06/22/2015 07:29 pm ET Updated Jun 22, 2016

The Charleston Massacre: Keep Your "Thoughts and Prayers." Your Ideas and Actions Are What's Needed

Amanda Rohde via Getty Images

Again and again and again and again...

People who shouldn't have guns slaughter people who did nothing to deserve their horrific fates. Motives, mental health status, and other details change, but some things stay maddeningly the same.

The gun control crowd sees an opportunity to grab attention and focus support for limiting access to deadly firepower. The gun worshipping cult, philosophically unmoved by the slaughter of innocents, is unyielding and unapologetic because, you know the story, "guns don't kill people... blah, blah, blah."

The standard script also includes law enforcement officials, politicians, and advocacy groups applying the "hate crime" designation as if it will somehow mean that justice will be better served. South Carolina Governor Nikki Haley has already invoked the death penalty. We can now shift our focus to collective revenge at a time when individual grieving has barely begun. Jon Stewart takes the night off from joking about current events, because it's difficult to find funny in the headlines when the wounds are so fresh.

And then the king of all public mantras is offered from far and wide to all of you experiencing the loss of life up close and personal, don't despair, because, "Our thoughts and prayers are with you."

Of all the knee jerk and predictable responses to another round of horrific (and in this case, racially-motivated) gun violence, this may be the worst of all... because of the inaction that follows.

I've offered my "thoughts and prayers."

Mission accomplished.


You see it on the micro and macro level. It's not as if those offering the too often empty refrain lack compassion or don't mean well. Sometimes we simply don't know what to say when nightmares become real. The problem is that we say it and move on as if we've done our part. We have nothing to offer other than "our thoughts and prayers" and so we drop them off and move on. What, me worry? Jurassic World and a tub of popcorn the size of a T-Rex awaits.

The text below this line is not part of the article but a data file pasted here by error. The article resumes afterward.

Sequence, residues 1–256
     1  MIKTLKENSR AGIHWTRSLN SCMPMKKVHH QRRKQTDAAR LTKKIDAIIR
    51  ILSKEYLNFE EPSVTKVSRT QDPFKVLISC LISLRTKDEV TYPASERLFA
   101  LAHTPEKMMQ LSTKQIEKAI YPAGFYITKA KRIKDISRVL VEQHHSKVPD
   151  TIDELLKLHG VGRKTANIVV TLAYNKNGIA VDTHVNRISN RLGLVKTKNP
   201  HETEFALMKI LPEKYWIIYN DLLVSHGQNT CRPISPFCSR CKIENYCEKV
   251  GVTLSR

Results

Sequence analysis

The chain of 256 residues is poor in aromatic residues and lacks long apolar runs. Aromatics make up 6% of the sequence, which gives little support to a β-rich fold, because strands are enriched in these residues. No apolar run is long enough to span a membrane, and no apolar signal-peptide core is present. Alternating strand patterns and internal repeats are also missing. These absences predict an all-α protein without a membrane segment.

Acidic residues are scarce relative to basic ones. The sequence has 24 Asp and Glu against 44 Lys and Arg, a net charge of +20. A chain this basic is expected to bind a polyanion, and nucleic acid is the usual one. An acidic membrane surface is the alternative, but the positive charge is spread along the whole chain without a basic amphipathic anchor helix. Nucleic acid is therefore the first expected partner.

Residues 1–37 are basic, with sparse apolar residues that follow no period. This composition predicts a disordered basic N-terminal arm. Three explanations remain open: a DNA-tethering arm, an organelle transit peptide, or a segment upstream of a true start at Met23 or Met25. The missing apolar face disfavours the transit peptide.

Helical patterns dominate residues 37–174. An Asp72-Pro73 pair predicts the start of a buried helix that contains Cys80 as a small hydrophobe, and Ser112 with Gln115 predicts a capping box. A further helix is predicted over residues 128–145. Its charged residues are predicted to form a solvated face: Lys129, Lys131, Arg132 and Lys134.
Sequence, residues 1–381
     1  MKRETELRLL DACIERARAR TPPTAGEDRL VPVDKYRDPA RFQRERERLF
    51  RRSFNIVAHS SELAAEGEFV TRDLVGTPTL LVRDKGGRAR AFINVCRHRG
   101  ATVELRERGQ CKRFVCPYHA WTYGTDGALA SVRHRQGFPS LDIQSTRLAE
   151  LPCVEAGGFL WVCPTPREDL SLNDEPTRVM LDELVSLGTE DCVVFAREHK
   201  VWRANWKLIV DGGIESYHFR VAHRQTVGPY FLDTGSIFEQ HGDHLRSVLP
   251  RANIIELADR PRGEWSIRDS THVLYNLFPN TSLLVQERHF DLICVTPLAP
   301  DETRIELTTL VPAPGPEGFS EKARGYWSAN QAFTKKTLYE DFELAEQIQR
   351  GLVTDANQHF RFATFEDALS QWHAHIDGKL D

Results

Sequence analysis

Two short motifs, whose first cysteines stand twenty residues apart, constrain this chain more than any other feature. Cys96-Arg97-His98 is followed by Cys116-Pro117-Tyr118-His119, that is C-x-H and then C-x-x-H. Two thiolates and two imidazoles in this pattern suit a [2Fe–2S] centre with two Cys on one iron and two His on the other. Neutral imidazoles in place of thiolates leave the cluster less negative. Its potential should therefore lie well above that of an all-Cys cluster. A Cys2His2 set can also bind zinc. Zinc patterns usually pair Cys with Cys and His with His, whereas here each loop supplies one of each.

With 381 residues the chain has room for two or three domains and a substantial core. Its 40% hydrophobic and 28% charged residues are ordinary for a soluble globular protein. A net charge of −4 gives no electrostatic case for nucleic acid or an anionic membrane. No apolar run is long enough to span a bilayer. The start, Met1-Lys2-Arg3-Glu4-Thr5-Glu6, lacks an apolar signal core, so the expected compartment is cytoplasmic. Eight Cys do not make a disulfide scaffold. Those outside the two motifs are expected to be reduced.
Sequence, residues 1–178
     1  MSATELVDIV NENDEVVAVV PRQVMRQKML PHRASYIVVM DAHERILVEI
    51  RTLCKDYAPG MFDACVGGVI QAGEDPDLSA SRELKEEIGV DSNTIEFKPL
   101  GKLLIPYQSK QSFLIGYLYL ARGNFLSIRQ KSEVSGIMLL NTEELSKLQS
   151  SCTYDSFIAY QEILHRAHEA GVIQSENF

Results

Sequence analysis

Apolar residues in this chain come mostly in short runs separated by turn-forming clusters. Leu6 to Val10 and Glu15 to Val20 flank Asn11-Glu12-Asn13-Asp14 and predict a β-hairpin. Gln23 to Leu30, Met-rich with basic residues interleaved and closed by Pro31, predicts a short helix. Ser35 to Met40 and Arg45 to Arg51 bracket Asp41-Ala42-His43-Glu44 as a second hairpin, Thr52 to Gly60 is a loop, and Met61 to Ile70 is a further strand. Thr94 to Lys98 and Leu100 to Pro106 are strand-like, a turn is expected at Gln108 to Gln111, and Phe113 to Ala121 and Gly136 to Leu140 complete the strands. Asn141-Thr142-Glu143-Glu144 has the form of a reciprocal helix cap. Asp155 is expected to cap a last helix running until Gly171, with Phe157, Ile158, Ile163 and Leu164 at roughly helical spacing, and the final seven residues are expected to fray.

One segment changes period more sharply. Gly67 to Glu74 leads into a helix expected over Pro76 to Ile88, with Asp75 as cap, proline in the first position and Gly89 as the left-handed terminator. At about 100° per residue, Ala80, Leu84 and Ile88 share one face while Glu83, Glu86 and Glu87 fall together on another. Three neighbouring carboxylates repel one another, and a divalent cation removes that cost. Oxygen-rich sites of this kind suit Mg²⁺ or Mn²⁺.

Maybe I'm being too harsh, but I've seen this pattern before. We attend concerts with the proceeds benefiting reducing world hunger and we've done our part. Slap a bumper sticker on our gas guzzling car and we've contributed to the cause, whatever that cause may be. Post something on Facebook or Twitter and you are now an activist. You may even tweet your "thoughts and prayers" to those in need.

Here's the problem. We're all filled with outrage from a variety of ideological, political, cultural, and emotional perspectives, and we've offered our thoughts and prayers, but in spite of it all things aren't changing. Or they certainly didn't change fast enough to save those gunned down at their Bible study class in Charleston.

Isn't it past time that we, the sleeping giant majority, replaced "our thoughts and prayers" with our ideas and actions in town halls and in the voting booth? Those protecting the status quo are always motivated and have plenty of resources with which to protect their plenty of resources. The NRA may also be offering its "thoughts and prayers," but its lobbying efforts are offering a heck of a lot more to influence the national debate and subsequent public policy outcomes with which we'll all live and die. But I suspect, and opinion polls will support the notion, that there are more of us than there are of them. You can't blame them for vigorously fighting for their point of view. We can blame ourselves for standing idly by. Change won't come quickly enough in the "world's greatest democracy" if more than half of us won't even vote in most elections.

We kill each other with guns at an alarming rate. We're number one! And while we most certainly have made progress from the days when we could actually own another human being in the land of the free and the home of the brave, racism continues to fester like a cancer that holds us back from being as good as we could be if we had the courage to face the disease head on.

Those who desperately want to avoid talking about race, which seems to be a very large percentage of Americans, twist logic and reason into linguistic pretzels in an attempt to avoid a discussion that's long overdue. And while public opinion polls show that we want to try new things in the effort to curb gun violence, that desire is not reflected in the votes of our elected officials.

There's nothing we can do to bring back the dead, but there are things we can do to prevent future slaughters. Who will lead a serious national discussion on race that will not yield in the face of those in denial? And if some are willing to lead, are we willing to follow?

When will the will of the majority be heard in the gun debate, resulting in laws and measures that make it less easy for nuts and haters to bear arms while protecting the rights of the responsible and law-abiding to do so? Are you willing to be inconvenienced at the gun show in order to save lives? We seem willing to compromise certain freedoms to thwart terrorists from foreign lands, are we willing to do the same to combat home-grown terror?

I don't know how long it will take, but I think we can agree that we can do better... much better... than we've done so far. Are you planning to be part of the problem or part of the solution? There is no neutral position. And it's going to take a lot more than "our thoughts and prayers" to get the job done.